Microsoft Confirms It's Been Working on SQL Bug Since April

Won't say if it's sitting on a patch, but one expert expects an emergency fix

Microsoft Corp. today confirmed that it has been working on a critical vulnerability in SQL Server for more than eight months, but declined to say whether it has had a patch ready since September, as an Austrian security researcher has alleged.

On Monday, the company warned customers of a bug that could be used to compromise servers running older versions of the database software, which is widely used to power Web sites and applications.

"Microsoft opened an investigation for this vulnerability in April upon the initial report by the security researcher," said a company spokesman in an e-mail today. "We immediately started an investigation and have been working on this issue since that time," he added.

The researcher, Bernhard Mueller of SEC Consult Security, a Vienna-based security consulting company, went public with details of the vulnerability as well as an exploit code on Dec. 9, apparently after tiring of Microsoft's lack of communication.

According to Mueller, who posted findings in an advisory on the SEC Consult site, as well as to prominent security mailing lists, the bug was reported to Microsoft on April 17, 2008, and Microsoft's last message to him was on Sept. 29. After four requests for an update on a patch's status during October and November, Mueller disclosed the vulnerability.

Mueller also said that Microsoft had informed him in September that it had completed a fix.

The Microsoft spokesman didn't directly respond to a question about whether the company had a patch in hand, as Mueller claimed, but instead said, "At this time, security updates are not available for the affected versions listed in Microsoft Security Advisory 961040."

Although it is true that Microsoft has not yet issued an update to the affected software -- which includes SQL Server 2000, SQL Server 2005, SQL Server 2005 Express Edition, SQL Server 2000 Desktop Engine, Microsoft SQL Server 2000 Desktop Engine and Windows Internal Database -- one security expert said he's betting that the company will release one soon.

"We expect that Microsoft is currently working on a patch and will release it out of band," said Wolfgang Kandek, chief technology officer at security company Qualys Inc.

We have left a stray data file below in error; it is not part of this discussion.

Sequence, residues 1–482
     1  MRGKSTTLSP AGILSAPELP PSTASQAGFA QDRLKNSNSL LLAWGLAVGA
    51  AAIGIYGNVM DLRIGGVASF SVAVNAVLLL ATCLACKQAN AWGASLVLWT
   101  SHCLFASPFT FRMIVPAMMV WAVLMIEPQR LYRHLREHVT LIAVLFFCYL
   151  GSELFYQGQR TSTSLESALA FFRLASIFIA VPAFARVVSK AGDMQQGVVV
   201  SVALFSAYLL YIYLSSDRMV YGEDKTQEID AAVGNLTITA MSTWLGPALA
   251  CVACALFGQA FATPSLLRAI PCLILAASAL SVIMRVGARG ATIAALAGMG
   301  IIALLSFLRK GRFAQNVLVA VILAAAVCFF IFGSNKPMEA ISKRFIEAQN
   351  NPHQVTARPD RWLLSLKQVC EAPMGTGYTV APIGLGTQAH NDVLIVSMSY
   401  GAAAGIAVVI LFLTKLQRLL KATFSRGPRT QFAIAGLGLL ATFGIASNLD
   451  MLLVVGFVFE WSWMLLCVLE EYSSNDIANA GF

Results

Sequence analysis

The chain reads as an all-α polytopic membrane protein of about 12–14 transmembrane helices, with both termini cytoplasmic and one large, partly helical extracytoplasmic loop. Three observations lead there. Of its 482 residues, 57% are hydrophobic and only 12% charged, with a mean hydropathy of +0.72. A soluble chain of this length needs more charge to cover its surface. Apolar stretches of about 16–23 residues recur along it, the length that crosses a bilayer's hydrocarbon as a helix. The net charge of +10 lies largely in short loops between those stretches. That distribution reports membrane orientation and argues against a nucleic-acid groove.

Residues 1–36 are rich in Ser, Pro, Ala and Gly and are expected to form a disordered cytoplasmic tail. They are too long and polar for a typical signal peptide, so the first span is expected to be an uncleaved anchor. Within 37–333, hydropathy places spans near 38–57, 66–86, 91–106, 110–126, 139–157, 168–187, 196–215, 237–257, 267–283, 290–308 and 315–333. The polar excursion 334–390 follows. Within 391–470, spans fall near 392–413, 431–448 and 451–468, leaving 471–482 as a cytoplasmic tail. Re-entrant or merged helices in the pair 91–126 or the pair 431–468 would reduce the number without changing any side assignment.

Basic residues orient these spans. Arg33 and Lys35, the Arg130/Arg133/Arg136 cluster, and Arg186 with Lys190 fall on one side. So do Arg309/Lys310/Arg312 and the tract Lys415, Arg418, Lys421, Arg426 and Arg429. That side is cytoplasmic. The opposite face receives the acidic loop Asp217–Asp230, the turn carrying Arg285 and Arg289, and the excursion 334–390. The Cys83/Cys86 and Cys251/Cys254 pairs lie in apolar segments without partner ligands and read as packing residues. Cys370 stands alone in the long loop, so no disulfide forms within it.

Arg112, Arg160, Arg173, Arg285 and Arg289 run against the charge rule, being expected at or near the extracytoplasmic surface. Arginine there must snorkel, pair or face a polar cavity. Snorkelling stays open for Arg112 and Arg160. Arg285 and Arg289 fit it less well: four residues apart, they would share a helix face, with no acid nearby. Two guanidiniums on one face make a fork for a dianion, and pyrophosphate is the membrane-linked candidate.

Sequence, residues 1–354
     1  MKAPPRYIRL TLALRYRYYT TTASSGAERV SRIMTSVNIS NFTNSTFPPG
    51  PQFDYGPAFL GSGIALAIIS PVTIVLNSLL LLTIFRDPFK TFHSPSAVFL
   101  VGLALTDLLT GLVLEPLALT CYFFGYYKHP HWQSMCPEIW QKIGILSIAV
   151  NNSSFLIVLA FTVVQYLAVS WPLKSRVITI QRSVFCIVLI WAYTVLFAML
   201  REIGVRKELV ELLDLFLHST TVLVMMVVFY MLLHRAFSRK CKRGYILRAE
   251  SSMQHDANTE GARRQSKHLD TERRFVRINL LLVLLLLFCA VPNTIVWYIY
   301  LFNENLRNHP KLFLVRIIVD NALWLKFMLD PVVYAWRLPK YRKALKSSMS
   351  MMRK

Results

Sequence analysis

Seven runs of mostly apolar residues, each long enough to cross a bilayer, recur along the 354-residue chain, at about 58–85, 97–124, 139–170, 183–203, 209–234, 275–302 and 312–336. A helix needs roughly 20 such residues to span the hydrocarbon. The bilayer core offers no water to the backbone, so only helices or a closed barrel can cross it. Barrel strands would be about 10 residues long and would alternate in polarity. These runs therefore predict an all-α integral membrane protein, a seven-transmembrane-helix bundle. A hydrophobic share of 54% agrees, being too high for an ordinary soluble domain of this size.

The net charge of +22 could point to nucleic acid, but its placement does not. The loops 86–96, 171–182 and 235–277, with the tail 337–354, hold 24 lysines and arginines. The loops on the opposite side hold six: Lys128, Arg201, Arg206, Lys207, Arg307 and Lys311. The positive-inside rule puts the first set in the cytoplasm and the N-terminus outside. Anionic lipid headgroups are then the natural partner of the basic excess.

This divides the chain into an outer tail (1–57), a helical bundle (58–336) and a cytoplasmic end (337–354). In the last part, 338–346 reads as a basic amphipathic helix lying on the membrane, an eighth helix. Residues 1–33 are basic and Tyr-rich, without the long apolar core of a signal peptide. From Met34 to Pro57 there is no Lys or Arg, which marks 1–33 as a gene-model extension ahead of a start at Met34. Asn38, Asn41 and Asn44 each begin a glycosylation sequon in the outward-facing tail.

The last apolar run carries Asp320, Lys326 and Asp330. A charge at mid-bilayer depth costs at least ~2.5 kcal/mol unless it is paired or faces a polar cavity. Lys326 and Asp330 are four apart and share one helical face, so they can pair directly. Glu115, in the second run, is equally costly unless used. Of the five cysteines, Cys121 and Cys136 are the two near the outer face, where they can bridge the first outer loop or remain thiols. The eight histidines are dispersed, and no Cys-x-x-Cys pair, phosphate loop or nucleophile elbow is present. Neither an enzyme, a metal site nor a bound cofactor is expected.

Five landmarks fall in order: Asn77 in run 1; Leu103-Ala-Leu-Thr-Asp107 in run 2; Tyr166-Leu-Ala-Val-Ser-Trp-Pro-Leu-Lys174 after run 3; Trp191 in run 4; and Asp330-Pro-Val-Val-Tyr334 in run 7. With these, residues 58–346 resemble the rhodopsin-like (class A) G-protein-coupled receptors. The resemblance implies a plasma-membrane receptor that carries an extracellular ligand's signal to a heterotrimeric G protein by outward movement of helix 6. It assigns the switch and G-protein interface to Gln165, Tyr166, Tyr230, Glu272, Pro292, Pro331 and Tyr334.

So-called out-of-band or out-of-cycle updates are those that Microsoft issues on days other than its regularly scheduled monthly Patch Tuesday. Microsoft's next scheduled update is set for Jan. 13, 2009, nearly three weeks from today.

Microsoft has released two out-of-cycle emergency updates in the last two months, the most recent a fix issued a week ago to plug a hole in all versions of Internet Explorer. The IE vulnerability, however, was already being exploited by hackers prior to the patch's release; Microsoft has said it has no reports of in-the-wild exploitation of the SQL Server bug.

Kandek believes that a SQL Server patch will present more problems for companies than they faced with the IE fix. "Patch deployment will be slow," he said. "SQL [Server] is part of the core server infrastructure of many enterprise companies and is subject to lengthy patch and testing cycles before any such fix can be deployed."

In lieu of a patch, Microsoft has urged users to deny permissions to the SQL procedure that can be used to trigger the bug. Yesterday, it updated that recommendation by posting a Visual Basic script which, when run, automates the work-around. "Essentially, the script iterates through the running instances of SQL Server and denies execute permissions on 'sp_replwritetovarbin' to 'public' on all the affected versions," said Microsoft spokesman Bill Sisk in an entry to the Microsoft Security Response Center blog.

A document added yesterday to Microsoft's support database included the script and instructions on how to use it.

Qualys' Kandek urged users to heed Microsoft's warnings. "The potential exists for leakage of private data and major disruptions in critical SQL [Server-] driven applications, such as e-commerce and human resources," he said. "A smart attacker can easily pair this exploit with another attack mechanism such as phishing to get behind the corporate firewalls and then attack all accessible SQL Server installations." SQL Server has been patched twice in 2008, most recently in September. The database software's biggest security gaffe, however, was in early 2003, when the fast-acting Slammer worm exploited a critical vulnerability in SQL Server, resulting in massive Internet-wide outages and slowdowns as sites were knocked offline.

Copyright © 2008 IDG Communications, Inc.

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